The Littoral Combat Ship (LCS) is a new ship design concept being considered to combat emerging threats in the littoral. It will be a relatively small, focused-mission combat ship that will revolutionize the way the U.S. Navy builds and fights ships.
A stagnant economy, threat of overcapacity and canceled cruises due to repairs and late deliveries have conspired to slow the hyper-growth cruise industry has enjoyed for the past decade. Even last year's new Millennium, which hurst onto the cruise scene with its new gas turbine propulsion,
The U.S. Navy's Pacific Fleet received its newest ship, and its second Aegis guided missile cruiser, following the recent commissioning of the USS Valley Forge (CG-50) at the Ingalls Shipbuilding yard in Pascagoula, Miss. Principal speaker at the commissioning ceremony was William H.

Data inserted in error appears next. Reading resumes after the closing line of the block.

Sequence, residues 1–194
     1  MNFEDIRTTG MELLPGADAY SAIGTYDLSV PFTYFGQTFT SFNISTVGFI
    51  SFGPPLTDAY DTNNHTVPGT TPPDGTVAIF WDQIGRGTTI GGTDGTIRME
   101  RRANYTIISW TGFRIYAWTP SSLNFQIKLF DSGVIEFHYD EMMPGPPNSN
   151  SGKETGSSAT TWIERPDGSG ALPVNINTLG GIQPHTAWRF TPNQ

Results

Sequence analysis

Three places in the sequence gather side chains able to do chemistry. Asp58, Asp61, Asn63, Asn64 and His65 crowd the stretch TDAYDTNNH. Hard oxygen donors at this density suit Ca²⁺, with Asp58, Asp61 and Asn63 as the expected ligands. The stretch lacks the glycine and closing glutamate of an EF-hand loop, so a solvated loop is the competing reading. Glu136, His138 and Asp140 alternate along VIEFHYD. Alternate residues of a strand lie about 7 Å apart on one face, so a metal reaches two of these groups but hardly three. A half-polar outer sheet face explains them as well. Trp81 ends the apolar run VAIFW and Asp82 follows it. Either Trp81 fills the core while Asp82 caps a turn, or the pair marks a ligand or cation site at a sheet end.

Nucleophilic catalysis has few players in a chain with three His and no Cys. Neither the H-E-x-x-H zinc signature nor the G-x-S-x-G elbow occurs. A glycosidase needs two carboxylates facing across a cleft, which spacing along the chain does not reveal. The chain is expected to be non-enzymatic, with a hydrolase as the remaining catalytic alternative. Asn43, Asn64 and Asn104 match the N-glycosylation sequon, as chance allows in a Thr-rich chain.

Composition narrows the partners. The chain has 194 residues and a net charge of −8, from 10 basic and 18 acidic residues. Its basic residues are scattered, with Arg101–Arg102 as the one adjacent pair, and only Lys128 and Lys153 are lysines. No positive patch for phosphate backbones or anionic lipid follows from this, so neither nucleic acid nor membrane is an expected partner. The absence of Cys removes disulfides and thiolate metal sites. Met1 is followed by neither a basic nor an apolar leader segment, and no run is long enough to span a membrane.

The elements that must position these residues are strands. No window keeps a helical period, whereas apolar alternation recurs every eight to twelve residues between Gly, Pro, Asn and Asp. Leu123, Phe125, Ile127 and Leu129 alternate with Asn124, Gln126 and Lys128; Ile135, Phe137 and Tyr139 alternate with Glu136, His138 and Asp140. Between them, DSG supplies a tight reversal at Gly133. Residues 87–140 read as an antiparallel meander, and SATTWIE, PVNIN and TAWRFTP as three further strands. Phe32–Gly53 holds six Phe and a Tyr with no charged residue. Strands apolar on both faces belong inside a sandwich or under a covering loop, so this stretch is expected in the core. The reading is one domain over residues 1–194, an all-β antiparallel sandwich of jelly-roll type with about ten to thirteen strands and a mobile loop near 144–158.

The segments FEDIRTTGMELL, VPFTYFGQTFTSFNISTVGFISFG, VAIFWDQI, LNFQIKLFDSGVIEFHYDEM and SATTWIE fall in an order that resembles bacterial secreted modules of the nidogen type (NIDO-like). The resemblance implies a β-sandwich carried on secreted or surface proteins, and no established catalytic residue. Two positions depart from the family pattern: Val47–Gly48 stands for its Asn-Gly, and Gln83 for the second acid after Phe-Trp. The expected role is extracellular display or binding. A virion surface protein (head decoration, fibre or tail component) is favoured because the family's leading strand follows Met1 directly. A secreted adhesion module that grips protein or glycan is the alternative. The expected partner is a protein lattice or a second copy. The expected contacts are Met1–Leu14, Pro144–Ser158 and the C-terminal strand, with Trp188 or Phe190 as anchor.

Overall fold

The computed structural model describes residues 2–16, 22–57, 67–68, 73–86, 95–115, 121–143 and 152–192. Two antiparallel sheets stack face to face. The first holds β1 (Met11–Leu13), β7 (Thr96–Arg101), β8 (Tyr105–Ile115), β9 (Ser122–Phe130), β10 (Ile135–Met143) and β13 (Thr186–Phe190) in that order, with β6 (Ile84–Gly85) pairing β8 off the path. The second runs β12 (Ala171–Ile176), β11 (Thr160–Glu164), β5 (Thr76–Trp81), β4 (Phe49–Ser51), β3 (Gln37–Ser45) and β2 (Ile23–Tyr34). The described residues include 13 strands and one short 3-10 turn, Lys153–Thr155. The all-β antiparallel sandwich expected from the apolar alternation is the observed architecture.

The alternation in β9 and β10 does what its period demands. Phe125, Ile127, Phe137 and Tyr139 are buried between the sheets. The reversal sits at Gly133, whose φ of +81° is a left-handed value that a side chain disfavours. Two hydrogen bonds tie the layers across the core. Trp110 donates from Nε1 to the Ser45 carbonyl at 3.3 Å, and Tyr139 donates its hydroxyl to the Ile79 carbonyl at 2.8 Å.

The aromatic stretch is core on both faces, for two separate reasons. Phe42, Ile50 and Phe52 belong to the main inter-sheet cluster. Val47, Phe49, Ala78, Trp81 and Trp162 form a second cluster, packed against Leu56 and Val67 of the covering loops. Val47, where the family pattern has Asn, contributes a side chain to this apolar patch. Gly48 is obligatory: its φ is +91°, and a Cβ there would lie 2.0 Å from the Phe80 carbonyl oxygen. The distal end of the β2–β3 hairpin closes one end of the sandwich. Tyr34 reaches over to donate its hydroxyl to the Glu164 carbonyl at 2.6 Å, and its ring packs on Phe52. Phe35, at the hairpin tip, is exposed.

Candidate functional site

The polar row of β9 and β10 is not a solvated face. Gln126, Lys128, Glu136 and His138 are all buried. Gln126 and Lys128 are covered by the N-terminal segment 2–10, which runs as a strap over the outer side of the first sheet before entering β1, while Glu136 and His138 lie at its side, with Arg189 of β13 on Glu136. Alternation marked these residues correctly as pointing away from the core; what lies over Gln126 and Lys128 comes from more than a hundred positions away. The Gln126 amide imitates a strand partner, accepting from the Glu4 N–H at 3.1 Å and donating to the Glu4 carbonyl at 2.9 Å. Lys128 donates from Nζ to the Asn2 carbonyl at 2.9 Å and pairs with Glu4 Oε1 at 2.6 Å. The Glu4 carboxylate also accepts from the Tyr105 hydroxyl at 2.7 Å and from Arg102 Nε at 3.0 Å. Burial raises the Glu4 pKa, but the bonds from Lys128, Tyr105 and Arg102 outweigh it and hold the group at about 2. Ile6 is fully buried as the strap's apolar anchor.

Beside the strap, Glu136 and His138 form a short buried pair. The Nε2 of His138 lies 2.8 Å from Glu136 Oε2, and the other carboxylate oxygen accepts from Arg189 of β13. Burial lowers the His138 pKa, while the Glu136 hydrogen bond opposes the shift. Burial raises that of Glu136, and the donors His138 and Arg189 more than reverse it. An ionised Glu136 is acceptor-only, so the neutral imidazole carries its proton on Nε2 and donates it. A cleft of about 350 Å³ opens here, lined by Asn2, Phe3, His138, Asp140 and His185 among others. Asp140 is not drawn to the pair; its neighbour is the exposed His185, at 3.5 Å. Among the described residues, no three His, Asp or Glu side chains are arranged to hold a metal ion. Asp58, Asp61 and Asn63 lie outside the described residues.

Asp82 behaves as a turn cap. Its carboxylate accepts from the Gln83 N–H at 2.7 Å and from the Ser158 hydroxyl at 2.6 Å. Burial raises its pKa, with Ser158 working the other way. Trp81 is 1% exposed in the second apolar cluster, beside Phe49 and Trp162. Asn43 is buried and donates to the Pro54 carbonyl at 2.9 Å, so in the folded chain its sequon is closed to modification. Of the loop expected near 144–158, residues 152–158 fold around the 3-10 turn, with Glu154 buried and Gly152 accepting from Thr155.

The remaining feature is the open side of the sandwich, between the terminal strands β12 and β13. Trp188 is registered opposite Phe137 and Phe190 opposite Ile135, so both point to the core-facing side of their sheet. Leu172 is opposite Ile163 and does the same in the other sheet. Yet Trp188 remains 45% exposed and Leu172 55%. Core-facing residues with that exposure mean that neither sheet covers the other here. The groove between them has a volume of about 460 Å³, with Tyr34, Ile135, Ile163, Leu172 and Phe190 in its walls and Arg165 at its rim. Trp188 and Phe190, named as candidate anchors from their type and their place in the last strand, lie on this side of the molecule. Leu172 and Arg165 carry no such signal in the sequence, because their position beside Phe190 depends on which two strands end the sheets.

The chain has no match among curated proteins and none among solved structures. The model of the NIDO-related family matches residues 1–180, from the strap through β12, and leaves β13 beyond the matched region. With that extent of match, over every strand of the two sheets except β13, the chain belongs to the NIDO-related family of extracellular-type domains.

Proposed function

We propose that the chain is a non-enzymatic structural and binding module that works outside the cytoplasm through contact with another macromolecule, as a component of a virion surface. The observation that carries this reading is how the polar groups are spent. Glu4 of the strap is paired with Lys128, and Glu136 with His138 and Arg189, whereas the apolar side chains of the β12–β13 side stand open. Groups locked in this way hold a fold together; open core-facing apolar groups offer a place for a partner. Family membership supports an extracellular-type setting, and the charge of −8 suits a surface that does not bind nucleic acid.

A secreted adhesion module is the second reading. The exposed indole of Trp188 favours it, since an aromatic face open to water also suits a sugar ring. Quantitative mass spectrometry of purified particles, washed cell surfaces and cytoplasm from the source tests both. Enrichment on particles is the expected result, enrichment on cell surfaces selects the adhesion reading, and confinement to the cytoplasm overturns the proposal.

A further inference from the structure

Anthony J. McAllister Sr., former president and chairman of the board of the towing and marine transportation company Mc- Allister Brothers Inc., died recently at St. Vincent's Hospital and Medical Center in New York City. He was 85 years old.
C.L. French, president of The Society of Naval Architects and Marine Engineers, recently announced the society's committee chairmen for 1983. STANDING AND SPECIAL COMMITTEES Advisory Public Service Committee — Donald P. Courtsal, treasurer, Dravo Corporation, Pittsburgh, Pa.
Retired Rear Adm. John B. "Jay" Foley III, USN, one of the U.S. Navy's outstanding leaders during a 33-year career, has been named vice president of Northrop Grumman's shipbuilding operations in Gulfport, Miss. Foley, who recently retired from the Navy as commander, Naval Surface Force, U.